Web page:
Chemicals in Plastics Linked to Childhood Obesity

By Jennifer Lance, Eco Child’s Play

Yes, we hate plastics! Not only is this evil material bad for our environment, over and over again the news reports the negative effects of plastic chemicals on our children’s health. From BPA to phthalates, plastics are to blame for a slew of health problems.
Now, a long term study of girls living in Harlem has linked exposure to the chemicals in plastics to childhood obesity.

Yes, plastics make kids fat, well at least there is a correlation.

Researchers at Mount Sinai Medical Center discovered that when phthalates are absorbed into the body and act as endocrine disruptors, obesity levels rise in mice. The East Harlem study is the first one to link endocrine disruptors to human obesity. Dr. Philip J. Landrigan, a professor of pediatrics at Mount Sinai, explains:

The heaviest girls have the highest levels of phthalates metabolites in their urine. It goes up as the children get heavier, but itís most evident in the heaviest kids. When we say children, Iím talking about kindergarten children, we are talking about little kids. This is a problem that begins early in life.

“Growing Up Healthy in East HarlemĒ has been studying over last 10 years childrenís health factors, including pesticides, diet, and proximity to bodegas. 40% of children living in Harlem are overweight or obese, and the study found the levels of phthalates measured in children are significantly higher than the average levels reported by the Centers for Disease Control and Prevention for children across the entire United States.

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W. C
W. C9 months ago


William C
William C9 months ago

Thank you.

J.L. A.
JL A5 years ago

how scary the uncontrolled chemicals permitted in the environment and in uses related to human consumption and the correlates of health harms

Jennifer C.
Past Member 5 years ago


Murat K.
Past Member 6 years ago

Techcrunch's reporting implies konteyner that all business process patents are now likely
to be invalid which is clearly not the case. If your read the article,
it states that protecting broad concepts is not likely to be patentable.
Yet specific kabin processses that are innovative, buildable and provable
technically will still prefabrik villa be upheld. Be a little bit more
careful with film indir your reporting.

Nona E.
Nona E8 years ago

Good, bad, or indifferent? Which "expert" do we believe? There are so many easy ways to cut back on using plastics; and, even if plastic does not make us fat or give us cancer, our world is being glutted with its excess.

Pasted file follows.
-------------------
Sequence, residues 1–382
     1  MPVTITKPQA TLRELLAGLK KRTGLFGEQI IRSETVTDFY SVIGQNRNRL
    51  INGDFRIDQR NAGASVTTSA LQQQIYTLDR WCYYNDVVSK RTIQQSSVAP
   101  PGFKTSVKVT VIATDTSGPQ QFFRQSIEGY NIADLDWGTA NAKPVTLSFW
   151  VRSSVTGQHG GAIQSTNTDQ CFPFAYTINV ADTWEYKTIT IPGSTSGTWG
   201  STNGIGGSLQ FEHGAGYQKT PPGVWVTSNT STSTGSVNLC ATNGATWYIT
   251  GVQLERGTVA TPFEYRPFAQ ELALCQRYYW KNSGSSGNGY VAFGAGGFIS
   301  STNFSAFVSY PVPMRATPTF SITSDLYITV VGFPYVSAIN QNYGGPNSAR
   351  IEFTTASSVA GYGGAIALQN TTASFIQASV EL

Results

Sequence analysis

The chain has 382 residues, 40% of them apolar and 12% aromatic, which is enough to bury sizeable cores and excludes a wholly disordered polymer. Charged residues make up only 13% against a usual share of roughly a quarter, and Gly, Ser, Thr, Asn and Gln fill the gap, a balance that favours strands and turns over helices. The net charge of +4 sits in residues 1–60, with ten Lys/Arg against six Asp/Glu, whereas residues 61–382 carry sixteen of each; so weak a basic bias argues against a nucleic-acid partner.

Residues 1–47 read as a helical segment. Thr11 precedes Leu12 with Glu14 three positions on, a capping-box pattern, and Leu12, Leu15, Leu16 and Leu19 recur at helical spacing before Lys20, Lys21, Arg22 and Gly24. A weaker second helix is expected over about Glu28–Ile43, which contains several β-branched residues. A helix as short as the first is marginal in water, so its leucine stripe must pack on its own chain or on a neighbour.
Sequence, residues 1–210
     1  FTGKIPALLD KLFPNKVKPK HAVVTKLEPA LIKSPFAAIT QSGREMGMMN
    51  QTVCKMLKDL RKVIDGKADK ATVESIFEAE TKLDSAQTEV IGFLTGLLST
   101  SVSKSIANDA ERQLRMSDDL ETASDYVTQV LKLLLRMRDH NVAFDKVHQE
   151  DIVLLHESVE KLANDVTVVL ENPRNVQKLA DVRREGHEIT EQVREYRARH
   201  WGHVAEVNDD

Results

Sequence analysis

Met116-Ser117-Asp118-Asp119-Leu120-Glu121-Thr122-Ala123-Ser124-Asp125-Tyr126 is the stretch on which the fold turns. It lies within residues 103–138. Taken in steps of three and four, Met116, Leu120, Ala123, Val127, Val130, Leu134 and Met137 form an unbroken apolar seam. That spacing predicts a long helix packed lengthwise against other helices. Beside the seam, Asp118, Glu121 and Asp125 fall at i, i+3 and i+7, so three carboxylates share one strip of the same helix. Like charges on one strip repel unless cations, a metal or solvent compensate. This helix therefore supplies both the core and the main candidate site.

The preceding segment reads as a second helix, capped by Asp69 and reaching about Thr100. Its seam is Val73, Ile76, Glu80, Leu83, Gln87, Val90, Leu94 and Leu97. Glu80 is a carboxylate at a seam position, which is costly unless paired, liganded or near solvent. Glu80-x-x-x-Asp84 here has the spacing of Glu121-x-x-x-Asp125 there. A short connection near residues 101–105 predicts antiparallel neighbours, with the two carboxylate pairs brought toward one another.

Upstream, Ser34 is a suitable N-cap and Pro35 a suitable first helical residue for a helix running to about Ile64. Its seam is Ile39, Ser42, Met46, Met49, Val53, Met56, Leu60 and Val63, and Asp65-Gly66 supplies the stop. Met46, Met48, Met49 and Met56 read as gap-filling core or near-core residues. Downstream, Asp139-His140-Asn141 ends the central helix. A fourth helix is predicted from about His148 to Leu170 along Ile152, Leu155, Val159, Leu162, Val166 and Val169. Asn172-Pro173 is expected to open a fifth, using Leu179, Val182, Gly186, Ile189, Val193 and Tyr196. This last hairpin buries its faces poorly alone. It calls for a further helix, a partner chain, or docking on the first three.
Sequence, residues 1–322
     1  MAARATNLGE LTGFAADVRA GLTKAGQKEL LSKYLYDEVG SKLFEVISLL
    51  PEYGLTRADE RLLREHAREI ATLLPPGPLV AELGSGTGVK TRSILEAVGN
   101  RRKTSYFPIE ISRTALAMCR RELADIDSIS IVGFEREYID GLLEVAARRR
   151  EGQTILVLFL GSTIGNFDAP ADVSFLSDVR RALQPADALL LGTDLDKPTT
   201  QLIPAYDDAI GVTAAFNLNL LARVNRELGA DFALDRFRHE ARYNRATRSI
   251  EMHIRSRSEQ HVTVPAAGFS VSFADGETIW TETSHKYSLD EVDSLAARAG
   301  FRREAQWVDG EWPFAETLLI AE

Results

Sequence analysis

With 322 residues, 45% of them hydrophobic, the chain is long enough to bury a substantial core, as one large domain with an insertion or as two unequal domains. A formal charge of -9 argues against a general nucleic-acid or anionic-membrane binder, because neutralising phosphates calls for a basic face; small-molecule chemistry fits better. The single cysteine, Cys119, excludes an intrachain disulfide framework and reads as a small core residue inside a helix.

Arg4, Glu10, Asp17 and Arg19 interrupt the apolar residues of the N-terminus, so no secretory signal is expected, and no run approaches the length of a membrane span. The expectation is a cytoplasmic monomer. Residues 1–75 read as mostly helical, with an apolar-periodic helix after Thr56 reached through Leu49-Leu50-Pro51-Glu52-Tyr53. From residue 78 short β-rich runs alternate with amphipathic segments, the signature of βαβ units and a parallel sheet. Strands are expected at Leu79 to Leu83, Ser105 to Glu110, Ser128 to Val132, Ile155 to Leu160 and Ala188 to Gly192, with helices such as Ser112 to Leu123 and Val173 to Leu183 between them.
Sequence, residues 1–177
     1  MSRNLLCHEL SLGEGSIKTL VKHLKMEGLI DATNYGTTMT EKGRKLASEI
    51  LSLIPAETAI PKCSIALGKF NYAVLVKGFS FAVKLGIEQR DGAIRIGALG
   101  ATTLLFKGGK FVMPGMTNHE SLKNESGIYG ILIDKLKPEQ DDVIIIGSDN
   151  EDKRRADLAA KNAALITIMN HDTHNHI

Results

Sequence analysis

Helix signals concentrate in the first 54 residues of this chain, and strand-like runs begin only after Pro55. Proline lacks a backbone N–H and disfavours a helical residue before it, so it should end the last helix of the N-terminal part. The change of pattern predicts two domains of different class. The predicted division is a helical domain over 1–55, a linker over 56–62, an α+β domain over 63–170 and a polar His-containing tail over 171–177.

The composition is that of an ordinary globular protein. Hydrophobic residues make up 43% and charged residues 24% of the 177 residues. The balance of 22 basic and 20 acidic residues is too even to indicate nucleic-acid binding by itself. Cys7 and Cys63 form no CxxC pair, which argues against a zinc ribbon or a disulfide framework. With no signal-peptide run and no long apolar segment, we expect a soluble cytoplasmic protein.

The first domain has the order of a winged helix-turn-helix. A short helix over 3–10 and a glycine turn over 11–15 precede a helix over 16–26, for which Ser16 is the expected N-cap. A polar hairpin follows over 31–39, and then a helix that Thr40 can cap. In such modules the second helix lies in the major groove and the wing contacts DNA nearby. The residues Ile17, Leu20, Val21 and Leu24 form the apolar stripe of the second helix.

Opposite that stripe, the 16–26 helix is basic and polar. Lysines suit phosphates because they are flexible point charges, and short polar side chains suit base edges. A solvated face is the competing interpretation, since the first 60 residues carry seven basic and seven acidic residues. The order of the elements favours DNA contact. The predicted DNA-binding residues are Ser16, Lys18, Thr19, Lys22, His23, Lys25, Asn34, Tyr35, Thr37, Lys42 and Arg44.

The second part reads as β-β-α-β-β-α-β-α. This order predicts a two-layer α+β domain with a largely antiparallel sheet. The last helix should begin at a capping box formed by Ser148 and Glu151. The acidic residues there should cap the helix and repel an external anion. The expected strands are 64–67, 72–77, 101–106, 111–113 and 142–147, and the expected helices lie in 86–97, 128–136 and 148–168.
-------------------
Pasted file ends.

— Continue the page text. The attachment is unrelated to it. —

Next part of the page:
Here is what I find the scary part, however. I've lived several decades and can say with assurance that whatever we are being told today on any issue, in a few short years the new group of experts will say that is absolutely wrong. Good luck to us all.

Jane L8 years ago

Thanks for this post.

Monica D.
Monica D8 years ago

It's an interesting correlation. But is there causation? Increased obesity and increased phthalate levels could both be caused by a common underlying mechanism, eg increased soda consumption. These are my thoughts after a very quick read of your article ...

Regina Bode
Past Member 8 years ago

As someone who is a fat (or "obese") adult and who was a somewhat fat kid I really take issue with some of the comments that claim fat kids are fat because their parents' don't feed them properly/ raise them on a diet of fast food. I was lucky enough to be raised by two wonderful parents. And despite what is claimed here I was not "allowed to eat constantly" nor did I see a fastfood restaurant from the inside at any time during my childhood (in fact, I don't eat a lot of junk food now either). Comments that claim fat kids are only fat because their parents overfeed them are not just misinformed - they show of their writers' prejudices. In fact, no matter what you choose to believe, there is strong evidence that body weight has a very strong genetic component. Still, while there have always been fat - even very fat - people this does not explain why we do weigh more on average today than we did a few decades ago. Factors like increased exposure to phtalates and other environmental changes might explain part of that difference in average weight. Another factor I would also like to be investigated in this context is repeated dieting (as in intentional weight loss, not just crash dieting). Intentionally lost weight has been shown over and over again to be almost impossible to keep of for the vast majority of people, and about 30% of people gain more back than they initially lost.

Steve Gomer
Steve Gomer8 years ago

Yes, plastics make kids fat, well at least there is a correlation.

i am so dam tired of hearing people looking for blame for their own problems. when will this country learn to take credit for their own problems?

i will give some(small ) credit for plastics playing a rol in obese children. But,comeon now, the true problem with overweight children rests squarely on the parent's backs and we all know this to be true.

Parents all know how much food is good for their kids , but are either too busy to or too dam uncaring to take the effort to control the child's eating habits. I raised 4 children. None of these children were allowed to eat constantly , and all were required to eat proplrly. As a reward for my efforts, none of my kids were ever over weight.They were rarely allowed sweets, and instead were given fruits ,when snacks were allowed.

If more parents would take responsibility , obesity would not be half the problem it is today.